Auto Body Repairers

Transportation, Distribution, and Logistics > Auto Body Repairers > Working Conditions
Occupation is in demand for the following regions: Northeast, Career Cluster
Auto Body Repairers

Auto Body Repairers - Working Conditions

In a typical work setting, auto body repairers:

Interpersonal Relationships

  • Communicate face-to-face daily with customers and coworkers. Occasionally communicate over the phone.
  • Are somewhat responsible for the health and safety of others. The materials and equipment they use must be handled correctly to keep the work place safe for everyone.
  • Work as part of a team on complex repairs. As a result, are somewhat responsible for the work done by others.
  • May occasionally work with unpleasant, angry or rude customers.

Physical Work Conditions

  • Work indoors in a shop that usually has no heating or air conditioning. Are sometimes exposed to very hot or very cold temperatures.
  • Wear protective clothing and equipment daily. This includes coveralls, safety glasses or goggles, and gloves.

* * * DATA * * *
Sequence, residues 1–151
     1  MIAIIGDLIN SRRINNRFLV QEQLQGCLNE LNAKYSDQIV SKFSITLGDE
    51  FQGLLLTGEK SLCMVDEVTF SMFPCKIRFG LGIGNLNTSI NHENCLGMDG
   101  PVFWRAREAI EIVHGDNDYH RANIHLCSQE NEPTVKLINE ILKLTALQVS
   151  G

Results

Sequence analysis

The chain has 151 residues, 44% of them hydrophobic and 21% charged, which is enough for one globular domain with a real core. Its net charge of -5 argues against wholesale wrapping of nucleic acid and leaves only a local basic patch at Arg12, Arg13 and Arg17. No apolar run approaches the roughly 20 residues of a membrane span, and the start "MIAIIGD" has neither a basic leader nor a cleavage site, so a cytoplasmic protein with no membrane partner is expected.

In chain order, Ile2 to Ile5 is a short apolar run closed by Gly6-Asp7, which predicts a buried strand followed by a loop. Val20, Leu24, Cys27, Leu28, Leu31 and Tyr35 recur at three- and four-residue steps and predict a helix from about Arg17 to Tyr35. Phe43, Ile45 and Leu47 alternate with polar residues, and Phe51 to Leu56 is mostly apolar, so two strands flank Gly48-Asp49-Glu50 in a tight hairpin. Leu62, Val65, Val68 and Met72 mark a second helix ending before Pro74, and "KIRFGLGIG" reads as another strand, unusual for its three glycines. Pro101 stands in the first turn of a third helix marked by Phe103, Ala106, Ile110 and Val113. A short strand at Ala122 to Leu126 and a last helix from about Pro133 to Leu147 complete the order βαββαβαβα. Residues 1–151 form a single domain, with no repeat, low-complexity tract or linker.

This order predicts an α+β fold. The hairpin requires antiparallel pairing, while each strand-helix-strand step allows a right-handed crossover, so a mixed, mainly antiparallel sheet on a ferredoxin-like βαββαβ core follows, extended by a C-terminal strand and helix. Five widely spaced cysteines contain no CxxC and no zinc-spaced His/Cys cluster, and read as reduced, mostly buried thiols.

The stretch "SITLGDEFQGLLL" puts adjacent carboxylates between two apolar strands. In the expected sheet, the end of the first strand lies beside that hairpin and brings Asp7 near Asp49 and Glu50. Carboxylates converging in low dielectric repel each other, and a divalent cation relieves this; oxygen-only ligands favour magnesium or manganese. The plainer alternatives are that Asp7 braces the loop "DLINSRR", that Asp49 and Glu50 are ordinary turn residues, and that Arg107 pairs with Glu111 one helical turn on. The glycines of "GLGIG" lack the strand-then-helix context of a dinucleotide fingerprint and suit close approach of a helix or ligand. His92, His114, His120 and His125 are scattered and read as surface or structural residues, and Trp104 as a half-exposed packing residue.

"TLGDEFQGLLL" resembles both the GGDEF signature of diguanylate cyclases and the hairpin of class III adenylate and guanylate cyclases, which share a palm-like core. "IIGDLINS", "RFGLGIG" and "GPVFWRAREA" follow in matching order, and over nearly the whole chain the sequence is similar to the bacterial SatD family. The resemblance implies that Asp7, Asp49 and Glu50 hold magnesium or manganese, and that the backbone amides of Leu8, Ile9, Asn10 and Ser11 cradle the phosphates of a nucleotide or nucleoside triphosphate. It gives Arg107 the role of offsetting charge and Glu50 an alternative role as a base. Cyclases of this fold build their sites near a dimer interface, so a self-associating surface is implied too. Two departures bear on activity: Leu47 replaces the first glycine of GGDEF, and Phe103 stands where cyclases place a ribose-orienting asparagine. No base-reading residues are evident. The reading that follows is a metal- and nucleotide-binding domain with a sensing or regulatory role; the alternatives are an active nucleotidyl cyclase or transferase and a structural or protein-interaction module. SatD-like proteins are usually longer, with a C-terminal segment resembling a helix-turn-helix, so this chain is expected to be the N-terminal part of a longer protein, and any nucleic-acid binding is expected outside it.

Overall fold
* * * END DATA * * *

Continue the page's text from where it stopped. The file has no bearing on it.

• Are always exposed to noise levels that are distracting and uncomfortable. Wearing ear protection can reduce discomfort.
  • Are exposed daily to contaminants, such as fumes from paint and solvents. The use of protective masks and adequate ventilation may reduce exposure risk.
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  • Are always exposed to hazardous tools, equipment, and situations. There is some possibility of slight injury. However, injuries are reduced when safety equipment and procedures are used.
  • Must often work in cramped places that require getting into awkward positions, like working on the inside of a car.

Work Performance

  • Must be very exact in their work. Errors could cause serious injury to customers.
  • Perform all details of the job to make sure the vehicle is reliable and safe to operate.
  • Repeat the same physical activities daily.
  • Meet strict deadlines everyday and work in a moderately competitive environment.
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  • Rarely consult a supervisor before making a decision. They can set most of their own tasks and priorities.


  • Usually have a regular schedule and work 40 hours or more each week.
Source: Illinois Career Information System (CIS) brought to you by Illinois Department of Employment Security.